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March 28, 2023 15 mins

Paul Griffin takes us inside his journey to the NBA which began in Michigan. Paul shares why he still lives in San Antonio and then he explains why he declined major college offers to attend and play for Western Michigan. Later, Paul discusses what it was like being drafted by the New Orleans Jazz, he shares what he remembers about watching Pete Maravich play, he reminisces about his role with the Spurs, talks "Bruise Brothers", and then finishes up talking about the legacy of the Spurs.

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Speaker 1 (00:07):
Welcome to another edition of Sound of Spurs podcast. This
is episode at number eighteen, and we're very pleased to
be joined by Paul Griffin, former Spurn. We'll talk about
Paul in just a moment. We do want to let
you know that this episode is brought to you by
the fine folks at s WBC, the native of Shelby, Michigan,
the pride of Shelby, Michigan, Paul Griffin, of course, one
of the Bruise Brothers, and we had lots to ground

to cover. First of all, great to see you. You
stayed in San Antonio, didn't you. Oh? Yes, been here
ever since. I played moved here in seventy nine, joined
the Spurs and been here ever since. You know, when
you're from Michigan, you know it's hard to beat San Antonio,
especially like in March or February. Right now. You don't
have to shove with sunshine. That's a good way to
look at it. So many of the former Spurs have

stayed here, regardless of where you're originally from. We mentioned
the fact that you were from Michigan. Why do you
think that is, Paul, Oh, it's a great town. I mean,
fans are fantastic, very friendly town. I mean he's grown
a lot since you know, I moved here in nineteen
seventy nine. But it's just a great atmosphere. I mean,
business wise, I had a great business career here and
you know, just no reason I have a home up north.

I have a home still back up in Michigan on
Lake Michigan. But San Antonio it's hired to beat a
year round at the home on Lake Michigan's for the summer.
I would think, yes, from about May till October. Here
you go. That's a nice little luxure to have. H Also,
the fact you're a former player gives you a certain
amount of celebrity in town. And does that make a
little easier to do business because people know that you

played for the Spurs? Oh sure, sure. It got me
in a lot of doors when I first got into
title of business in nineteen eighty four. And uh, it's
helped me. And you know, it's it gets you so far,
but uh, you know it's it's just I mean, it helps,
and there's no question about it. To plus my height,
you know, when you're when you're six nine, people kind

of remember you too. I was five nine. They probably
wouldn't know who I was walking through a crowd, and
unfortunately always at that question, Right, did you play basketball? Yeah?
I think I played a time or two. Right, Oh, sure,
get that, get that all the time? Or how tall
are you? Right? Let's start your journey at the beginning. Shelby,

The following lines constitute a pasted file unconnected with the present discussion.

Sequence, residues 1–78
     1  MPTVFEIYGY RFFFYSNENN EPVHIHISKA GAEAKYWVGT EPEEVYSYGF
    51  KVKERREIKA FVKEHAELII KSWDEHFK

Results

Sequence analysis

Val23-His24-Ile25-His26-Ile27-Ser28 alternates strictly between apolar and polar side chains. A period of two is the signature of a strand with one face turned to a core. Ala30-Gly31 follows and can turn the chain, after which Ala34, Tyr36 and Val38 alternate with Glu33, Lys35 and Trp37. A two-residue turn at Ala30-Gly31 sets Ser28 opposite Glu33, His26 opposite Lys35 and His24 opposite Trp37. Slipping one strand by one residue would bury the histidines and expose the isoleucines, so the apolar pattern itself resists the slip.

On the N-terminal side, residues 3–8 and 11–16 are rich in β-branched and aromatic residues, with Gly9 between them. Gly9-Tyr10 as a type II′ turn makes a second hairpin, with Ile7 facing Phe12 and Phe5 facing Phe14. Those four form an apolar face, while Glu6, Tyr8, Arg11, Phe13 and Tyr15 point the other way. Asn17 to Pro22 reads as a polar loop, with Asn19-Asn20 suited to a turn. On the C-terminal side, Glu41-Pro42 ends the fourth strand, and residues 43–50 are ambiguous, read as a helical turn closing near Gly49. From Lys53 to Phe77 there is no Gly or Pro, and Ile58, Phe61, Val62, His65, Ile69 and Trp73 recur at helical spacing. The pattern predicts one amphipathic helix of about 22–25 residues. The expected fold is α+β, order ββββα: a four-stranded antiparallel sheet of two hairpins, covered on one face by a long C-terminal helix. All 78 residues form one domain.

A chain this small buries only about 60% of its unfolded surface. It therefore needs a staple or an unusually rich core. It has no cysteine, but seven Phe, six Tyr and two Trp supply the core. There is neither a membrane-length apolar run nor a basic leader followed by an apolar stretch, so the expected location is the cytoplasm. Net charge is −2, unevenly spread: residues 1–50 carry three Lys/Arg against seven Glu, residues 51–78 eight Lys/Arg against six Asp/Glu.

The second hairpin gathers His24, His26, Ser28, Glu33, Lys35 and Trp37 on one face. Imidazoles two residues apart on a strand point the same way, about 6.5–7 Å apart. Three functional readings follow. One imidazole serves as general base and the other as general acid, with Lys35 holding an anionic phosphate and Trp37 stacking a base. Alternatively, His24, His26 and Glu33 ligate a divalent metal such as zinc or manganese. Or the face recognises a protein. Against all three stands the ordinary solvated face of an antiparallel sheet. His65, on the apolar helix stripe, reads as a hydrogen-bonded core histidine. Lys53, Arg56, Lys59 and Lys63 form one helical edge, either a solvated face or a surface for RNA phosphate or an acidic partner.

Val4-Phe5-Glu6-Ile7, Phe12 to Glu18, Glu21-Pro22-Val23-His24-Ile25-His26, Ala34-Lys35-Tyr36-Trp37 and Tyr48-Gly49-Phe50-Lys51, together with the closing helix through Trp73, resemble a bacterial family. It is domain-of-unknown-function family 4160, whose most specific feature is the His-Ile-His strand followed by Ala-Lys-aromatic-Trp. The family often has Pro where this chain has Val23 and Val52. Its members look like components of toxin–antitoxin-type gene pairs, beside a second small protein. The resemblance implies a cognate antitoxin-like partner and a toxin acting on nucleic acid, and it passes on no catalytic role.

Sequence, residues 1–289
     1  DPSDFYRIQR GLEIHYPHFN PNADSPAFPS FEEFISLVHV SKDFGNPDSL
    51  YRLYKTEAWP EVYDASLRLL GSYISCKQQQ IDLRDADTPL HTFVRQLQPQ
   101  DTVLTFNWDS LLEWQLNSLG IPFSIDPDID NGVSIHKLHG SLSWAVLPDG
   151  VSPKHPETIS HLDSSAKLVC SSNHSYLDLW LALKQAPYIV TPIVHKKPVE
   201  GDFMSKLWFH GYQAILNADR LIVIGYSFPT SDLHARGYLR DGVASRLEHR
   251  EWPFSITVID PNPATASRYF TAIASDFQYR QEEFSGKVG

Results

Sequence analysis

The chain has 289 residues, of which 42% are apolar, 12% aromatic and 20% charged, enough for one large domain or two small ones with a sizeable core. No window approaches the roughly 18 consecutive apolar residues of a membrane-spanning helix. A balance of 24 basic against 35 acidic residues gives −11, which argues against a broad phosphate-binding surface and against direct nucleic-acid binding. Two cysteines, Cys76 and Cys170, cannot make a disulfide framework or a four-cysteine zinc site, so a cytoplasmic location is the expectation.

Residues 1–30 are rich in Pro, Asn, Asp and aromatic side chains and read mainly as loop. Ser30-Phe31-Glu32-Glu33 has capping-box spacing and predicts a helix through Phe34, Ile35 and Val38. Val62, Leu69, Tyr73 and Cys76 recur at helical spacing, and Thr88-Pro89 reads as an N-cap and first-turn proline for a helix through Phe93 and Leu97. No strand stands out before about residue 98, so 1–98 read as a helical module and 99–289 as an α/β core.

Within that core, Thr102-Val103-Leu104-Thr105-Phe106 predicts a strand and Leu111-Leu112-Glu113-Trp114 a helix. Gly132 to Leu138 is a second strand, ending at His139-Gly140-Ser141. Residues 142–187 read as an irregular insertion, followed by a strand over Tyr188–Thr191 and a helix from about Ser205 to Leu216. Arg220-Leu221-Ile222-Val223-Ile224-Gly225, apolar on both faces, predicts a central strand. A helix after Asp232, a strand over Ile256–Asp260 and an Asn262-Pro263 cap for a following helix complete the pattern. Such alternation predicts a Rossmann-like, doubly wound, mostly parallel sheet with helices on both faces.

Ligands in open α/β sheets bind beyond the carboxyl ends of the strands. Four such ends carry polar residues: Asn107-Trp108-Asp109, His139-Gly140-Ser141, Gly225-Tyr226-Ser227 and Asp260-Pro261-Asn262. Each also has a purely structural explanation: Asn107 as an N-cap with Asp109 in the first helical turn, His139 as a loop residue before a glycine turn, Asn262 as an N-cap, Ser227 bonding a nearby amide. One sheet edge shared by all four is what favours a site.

Michigan a small town right off Lake Michigan. Right, yes, yes,
right and right off Lake Michigan. Small town, about fifteen

hundred people, I mean one block of Main Street. And
you know it's very very small town, great little town.
Though you were born on January first. You're a January
first baby. Nineteen fifty four is a right, January twentieth, twentieth. Okay,
well the Wikipedia page was wrong, Paul, I'm sorry. So
they waited nineteen more days to have you. But early
nineteen fifty fours when you were yes, nineteen fifty four,

January twentieth. What was it like to grow up in
a small town in Michigan in the fifties and sixties.
Oh it was great. I mean we didn't even have
box on the doors. I mean, growing up all through
since I left I mean and after college, still didn't
have locks on the doors. And that was nineteen seventy six.
Great little town you couldn't get in a whole lot
of Michigans. Everybody everybody knew about it. But then again,

everybody knew everybody, and everybody's willing to help, yeah, if
somebody needed help. So but it was a great little
basketball talent. Right. Did you play all sports or just
concentrate on basketball from an early age? Well, I played
football until I broke my arm, and then I said no,
I think I'll concentrate on basketball. But I but I
also ran track. I was on a mile relay championship team.

Pretty good, ran a half mile in a quarter mile.
And uh, but yeah, just just basketball and in track.
But that has been great for your conditioning for basketball.
Oh yeah, well I'll shoot well, it was after basketball.
It was in the spring, so basketball was over. But yeah,
I had to run a half mile, and then about
twenty minutes later I had to run a quarter mile.

So it was I was about forty five pounds later
I am now. But yeah, once I got these legs
going and I could move, I bet. Well, now your
basketball team starts to get some attention because a little
Shelby High School and won back to backstage championships. Is
that right? It's my junior and senior year. Undefeated my
junior year and lost three games my senior year, but

still wanting his championship. Now, what's the state tournament like
in Michigan or back then? What was it like? Well,
it's uh class abc D. You know we were see
our high school was about five hundred kids. But you
know it's it was. We had to win six games,
six six or seven games to win a championship. So
I had to go through districts and the regionals and

a quarterfinals, semifinals and very competitive though. I mean, Michigan's
good basketball state. Oh sure, A lot of great players